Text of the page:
The irresistible enigma of lost treasures provokes lust burning deep in the soul. Adventures and fairy-tales have began by virtue of the overpowering desire to discover, to posses, to lay eyes on a precious antique object shrouded in mystery.
A long lost masterpiece by Fabergé's chief jeweler August Holmstrom has recently been found and saved from the melting pot. The Fabergé Imperial Easter Egg was ordered by Emperor Alexander III of Russia as a gift for Empress Maria Feodorovna for Easter 1887.
Made from yellow gold and studded with diamonds and sapphires, the 8.2 cm tall egg sits on its original tripod with lion paw feet. Encircled with gold flower garlands strung from cabochon blue sapphires topped with rose diamond-set bows it is a true chef d'oeuvre.
Like all Fabergé's eggs, it contains a "surprise" - a beautiful lady's watch by Vacheron Constantin with a white enamel face and diamond-set gold hands, mounted inside so it can be displayed upright.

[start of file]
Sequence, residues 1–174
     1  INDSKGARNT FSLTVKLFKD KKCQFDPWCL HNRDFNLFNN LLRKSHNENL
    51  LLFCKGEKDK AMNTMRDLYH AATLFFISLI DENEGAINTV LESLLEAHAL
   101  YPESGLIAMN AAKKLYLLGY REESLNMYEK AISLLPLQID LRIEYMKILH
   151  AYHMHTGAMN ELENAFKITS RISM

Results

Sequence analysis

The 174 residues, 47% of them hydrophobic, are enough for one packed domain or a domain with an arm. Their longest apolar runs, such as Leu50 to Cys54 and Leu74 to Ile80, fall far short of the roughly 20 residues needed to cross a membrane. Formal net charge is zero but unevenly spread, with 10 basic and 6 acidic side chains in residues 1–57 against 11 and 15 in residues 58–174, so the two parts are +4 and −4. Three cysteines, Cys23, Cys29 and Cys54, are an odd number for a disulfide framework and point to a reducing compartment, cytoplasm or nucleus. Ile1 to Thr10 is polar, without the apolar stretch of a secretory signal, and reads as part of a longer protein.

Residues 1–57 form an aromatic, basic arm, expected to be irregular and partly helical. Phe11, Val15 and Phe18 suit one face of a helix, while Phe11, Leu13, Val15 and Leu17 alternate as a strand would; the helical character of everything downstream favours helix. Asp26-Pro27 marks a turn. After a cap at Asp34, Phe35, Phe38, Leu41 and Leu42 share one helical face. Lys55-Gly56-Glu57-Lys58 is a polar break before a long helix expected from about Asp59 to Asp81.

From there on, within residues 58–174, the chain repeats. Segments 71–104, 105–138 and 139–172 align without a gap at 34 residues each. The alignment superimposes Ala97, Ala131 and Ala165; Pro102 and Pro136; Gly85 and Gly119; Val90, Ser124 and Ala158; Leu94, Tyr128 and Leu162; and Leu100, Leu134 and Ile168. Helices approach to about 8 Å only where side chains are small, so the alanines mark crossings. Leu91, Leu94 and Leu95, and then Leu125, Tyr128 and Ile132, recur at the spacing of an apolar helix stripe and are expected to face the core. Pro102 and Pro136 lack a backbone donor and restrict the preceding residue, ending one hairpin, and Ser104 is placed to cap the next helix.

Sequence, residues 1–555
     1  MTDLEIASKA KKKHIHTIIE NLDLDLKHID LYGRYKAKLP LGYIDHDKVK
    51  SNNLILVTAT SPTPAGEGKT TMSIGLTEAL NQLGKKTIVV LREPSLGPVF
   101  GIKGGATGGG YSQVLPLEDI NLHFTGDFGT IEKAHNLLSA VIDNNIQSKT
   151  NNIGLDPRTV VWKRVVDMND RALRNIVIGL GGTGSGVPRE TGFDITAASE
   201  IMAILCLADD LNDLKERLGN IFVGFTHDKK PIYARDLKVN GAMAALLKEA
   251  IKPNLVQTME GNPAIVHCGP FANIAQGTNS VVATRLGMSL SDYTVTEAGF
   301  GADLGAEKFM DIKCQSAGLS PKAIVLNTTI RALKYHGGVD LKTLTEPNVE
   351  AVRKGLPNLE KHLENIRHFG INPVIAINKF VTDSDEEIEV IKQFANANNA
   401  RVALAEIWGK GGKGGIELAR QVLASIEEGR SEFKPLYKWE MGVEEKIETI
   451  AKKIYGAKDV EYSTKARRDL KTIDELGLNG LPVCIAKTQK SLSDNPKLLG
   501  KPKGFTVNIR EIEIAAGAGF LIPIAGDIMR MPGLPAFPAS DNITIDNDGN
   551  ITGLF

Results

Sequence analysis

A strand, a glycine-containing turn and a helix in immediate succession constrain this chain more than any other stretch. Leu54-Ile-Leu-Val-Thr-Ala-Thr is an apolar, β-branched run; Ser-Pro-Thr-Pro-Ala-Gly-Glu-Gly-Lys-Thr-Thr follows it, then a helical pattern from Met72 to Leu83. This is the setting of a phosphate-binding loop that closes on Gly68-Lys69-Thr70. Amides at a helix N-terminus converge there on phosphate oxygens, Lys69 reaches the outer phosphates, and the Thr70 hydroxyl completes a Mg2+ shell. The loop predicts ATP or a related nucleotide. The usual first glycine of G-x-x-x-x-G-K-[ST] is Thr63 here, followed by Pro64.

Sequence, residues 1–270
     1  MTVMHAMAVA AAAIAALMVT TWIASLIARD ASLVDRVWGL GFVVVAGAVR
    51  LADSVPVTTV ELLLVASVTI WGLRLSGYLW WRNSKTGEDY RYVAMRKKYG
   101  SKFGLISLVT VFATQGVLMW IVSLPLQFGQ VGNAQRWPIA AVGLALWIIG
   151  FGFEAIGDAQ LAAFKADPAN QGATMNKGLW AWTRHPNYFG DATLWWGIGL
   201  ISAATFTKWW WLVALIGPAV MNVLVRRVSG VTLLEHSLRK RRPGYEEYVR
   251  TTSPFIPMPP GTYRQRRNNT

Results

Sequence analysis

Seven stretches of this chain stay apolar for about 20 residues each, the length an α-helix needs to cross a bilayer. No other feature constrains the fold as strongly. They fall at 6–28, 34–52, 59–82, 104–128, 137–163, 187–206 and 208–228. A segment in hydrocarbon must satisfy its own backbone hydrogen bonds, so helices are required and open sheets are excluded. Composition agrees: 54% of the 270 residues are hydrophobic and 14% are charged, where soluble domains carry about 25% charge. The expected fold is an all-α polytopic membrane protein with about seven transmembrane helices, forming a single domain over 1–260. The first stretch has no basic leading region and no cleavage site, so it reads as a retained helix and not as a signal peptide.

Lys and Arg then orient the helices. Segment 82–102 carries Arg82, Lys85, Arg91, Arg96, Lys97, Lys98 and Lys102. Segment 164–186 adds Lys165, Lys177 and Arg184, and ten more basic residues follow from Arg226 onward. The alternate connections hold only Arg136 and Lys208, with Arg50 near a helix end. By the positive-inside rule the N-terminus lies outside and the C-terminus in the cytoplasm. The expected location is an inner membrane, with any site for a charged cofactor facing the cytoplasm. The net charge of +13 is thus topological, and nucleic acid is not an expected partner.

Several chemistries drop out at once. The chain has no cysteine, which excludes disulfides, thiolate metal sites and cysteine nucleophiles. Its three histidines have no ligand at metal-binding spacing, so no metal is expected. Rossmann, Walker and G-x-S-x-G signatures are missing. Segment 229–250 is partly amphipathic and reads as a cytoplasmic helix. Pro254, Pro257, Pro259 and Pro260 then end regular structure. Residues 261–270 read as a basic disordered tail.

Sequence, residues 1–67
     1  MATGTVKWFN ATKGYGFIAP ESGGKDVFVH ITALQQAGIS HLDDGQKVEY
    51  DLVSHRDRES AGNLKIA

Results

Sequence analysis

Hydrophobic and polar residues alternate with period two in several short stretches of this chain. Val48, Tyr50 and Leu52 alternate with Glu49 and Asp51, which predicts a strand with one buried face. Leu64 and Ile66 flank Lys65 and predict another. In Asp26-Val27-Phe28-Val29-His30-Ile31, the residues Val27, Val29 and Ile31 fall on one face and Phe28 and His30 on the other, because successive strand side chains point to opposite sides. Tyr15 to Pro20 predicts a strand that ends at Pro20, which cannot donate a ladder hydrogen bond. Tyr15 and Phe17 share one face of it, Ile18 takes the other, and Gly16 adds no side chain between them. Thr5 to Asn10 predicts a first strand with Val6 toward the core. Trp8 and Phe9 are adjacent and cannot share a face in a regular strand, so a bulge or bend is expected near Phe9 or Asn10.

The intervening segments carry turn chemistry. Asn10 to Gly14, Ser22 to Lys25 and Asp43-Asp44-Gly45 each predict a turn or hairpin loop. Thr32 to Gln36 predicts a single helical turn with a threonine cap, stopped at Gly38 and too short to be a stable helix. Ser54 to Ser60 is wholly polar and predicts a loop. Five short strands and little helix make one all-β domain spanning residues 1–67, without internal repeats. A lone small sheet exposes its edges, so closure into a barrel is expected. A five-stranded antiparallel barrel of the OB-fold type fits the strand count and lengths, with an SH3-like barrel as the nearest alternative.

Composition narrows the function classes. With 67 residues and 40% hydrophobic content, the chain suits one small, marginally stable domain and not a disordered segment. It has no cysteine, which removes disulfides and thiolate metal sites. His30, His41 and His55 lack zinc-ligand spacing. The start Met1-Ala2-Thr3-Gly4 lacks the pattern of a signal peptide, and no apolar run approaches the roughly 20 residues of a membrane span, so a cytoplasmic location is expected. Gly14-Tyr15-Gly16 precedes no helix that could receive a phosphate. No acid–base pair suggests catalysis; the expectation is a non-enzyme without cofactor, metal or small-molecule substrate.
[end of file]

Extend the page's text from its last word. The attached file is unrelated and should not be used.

The Egg was last displayed in St Petersburg in 1902 before being seized by the Bolsheviks during the 1917 Russian Revolution. After missing for 112 years it appeared in the United States when an unidentified man bought it at a market in the U.S. Midwest for $14,000, intending to sell it for scrap. Unable to find a buyer, he searched the Internet and realized that he may have found Empress Maria Feodorovna's lost Easter egg.
"In the hierarchy of Fabergé objects, the egg occupies the very, very highest level," said Kieran McCarthy, director of London antiques dealer Wartski. "They each took a year to make from the original conception to the completion of it for delivery on Good Friday each Easter."
The Third Imperial Egg is one of 50 delivered by Fabergé to Emperors Alexander III and Nicholas II from 1885 to 1916, and until its recent discovery was one of eight lost eggs. Only two others of these lost eggs are thought to have survived the revolution, reports FashionMag.
Wartski, which specializes in the work of Fabergé has bought the Egg for an unidentified private collector who has permitted it to go on show. You can lay your eyes on the lost treasure from April 14 to 17 at Wartski's showroom in London near Bond Street.
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